Redundant Object Pronouns

Objetos reiterados

In Spanish, you will often see an object pronoun, either direct or indirect, used in addition to the actual noun that it would normally replace. This redundant object pronoun may be required or simply stylistic. This lesson explains the general tendencies, but please note that there is a great deal of variation from one Spanish-speaking region to another.


In order to emphasize the direct or indirect object of a sentence, a redundant object pronoun may be placed before the verb.

1. The redundant pronoun is required when the actual direct or indirect object precedes the verb.

Eso lo quiero yo.   That is what I want.
Eso no lo sé.   That I don’t know.
Dinero lo tengo a montones.   I have tons of money.
A Pablo le envié flores.   I sent flowers to Pablo.

2. However, when the object follows the verb, a redundant pronoun is usually (optional).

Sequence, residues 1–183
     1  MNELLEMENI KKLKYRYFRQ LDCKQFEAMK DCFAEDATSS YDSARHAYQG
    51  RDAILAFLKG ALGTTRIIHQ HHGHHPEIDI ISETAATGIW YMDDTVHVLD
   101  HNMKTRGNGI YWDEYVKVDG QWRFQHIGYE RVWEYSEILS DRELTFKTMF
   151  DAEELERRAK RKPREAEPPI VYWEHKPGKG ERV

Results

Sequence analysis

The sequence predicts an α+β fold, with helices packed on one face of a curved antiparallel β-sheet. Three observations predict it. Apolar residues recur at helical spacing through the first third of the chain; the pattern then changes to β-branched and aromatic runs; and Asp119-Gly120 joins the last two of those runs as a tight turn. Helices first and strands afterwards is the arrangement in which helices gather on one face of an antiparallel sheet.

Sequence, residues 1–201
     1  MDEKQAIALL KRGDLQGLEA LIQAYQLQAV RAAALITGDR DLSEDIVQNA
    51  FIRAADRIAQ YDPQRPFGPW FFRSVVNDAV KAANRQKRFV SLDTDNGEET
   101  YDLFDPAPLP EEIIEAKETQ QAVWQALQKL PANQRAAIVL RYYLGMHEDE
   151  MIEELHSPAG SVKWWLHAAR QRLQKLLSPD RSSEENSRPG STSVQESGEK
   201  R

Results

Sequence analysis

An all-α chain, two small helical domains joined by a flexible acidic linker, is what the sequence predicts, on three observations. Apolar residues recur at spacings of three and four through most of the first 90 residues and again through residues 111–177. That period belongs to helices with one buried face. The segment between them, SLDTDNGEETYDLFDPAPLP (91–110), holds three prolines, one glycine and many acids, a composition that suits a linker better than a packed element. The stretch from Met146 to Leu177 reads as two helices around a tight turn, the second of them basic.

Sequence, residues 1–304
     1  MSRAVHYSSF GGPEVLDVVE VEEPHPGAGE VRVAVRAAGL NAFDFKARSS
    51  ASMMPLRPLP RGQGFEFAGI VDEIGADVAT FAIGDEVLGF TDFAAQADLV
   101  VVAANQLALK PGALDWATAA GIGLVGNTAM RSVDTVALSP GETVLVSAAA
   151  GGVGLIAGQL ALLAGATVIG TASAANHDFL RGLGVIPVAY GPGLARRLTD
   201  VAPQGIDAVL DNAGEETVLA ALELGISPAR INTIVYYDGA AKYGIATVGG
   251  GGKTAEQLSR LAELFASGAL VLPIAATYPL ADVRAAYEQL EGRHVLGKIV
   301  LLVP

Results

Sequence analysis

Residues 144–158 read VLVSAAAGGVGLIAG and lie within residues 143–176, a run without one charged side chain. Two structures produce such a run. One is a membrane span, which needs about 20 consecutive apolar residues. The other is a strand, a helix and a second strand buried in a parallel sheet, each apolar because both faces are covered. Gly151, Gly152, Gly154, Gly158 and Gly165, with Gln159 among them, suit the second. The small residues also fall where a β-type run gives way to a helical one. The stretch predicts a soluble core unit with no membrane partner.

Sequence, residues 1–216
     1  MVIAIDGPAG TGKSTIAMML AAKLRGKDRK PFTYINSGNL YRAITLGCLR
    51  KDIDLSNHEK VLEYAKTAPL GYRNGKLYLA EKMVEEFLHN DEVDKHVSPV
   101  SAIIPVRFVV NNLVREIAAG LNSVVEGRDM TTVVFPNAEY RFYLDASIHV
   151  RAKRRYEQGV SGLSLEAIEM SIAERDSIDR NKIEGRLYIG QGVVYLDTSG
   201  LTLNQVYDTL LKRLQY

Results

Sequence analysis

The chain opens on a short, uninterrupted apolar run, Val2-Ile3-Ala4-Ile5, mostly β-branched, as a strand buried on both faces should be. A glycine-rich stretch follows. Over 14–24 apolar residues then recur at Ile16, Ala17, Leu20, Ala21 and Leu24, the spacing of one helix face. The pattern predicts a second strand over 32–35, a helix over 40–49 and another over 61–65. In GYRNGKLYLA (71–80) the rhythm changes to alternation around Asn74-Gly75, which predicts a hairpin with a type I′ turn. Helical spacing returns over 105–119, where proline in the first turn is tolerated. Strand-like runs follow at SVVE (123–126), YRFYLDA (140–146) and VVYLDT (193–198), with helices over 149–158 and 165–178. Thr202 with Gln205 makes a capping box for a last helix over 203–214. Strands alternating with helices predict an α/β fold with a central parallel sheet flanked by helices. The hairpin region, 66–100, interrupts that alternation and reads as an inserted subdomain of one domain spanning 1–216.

(Le) estoy hablando a mi hermano.   I’m talking to my brother.
(Le) traigo unos libros a la escuela.   I’m taking some books to the school.
Mi idea (le) pareció al profesor la más interesante.   My idea seemed the most interesting to the teacher.
(Le) envié flores a Pablo.   I sent flowers to Pablo.

Relative Clauses

Redundant pronouns may be used in relative clauses as a sort of reminder of the direct or indirect object.

Tengo que hacer muchas cosas que no las comprendo.   I have to do a lot of things that I don’t understand.
¿Cómo se llama el niño a quien le cuidas?   What is the name of the boy you are taking care of?

Le for les

The redundant pronoun les is often replaced by le.

Tóquele a todas las puertas.   Knock on all the doors.
Quiero darle a los niños un regalo.   I want to give the children a gift.

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